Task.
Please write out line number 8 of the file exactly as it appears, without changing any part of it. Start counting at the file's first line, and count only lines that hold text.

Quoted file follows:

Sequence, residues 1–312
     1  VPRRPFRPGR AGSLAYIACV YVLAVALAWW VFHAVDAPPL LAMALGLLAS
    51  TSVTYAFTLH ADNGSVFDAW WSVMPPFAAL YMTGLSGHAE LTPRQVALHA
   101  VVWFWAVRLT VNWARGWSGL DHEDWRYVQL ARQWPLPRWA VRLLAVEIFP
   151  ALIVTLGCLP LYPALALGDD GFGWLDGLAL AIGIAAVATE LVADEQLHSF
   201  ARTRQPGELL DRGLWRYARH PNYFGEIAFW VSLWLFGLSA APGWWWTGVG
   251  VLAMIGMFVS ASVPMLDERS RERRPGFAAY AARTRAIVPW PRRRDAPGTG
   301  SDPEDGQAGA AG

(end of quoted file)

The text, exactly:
   301  SDPEDGQAGA AG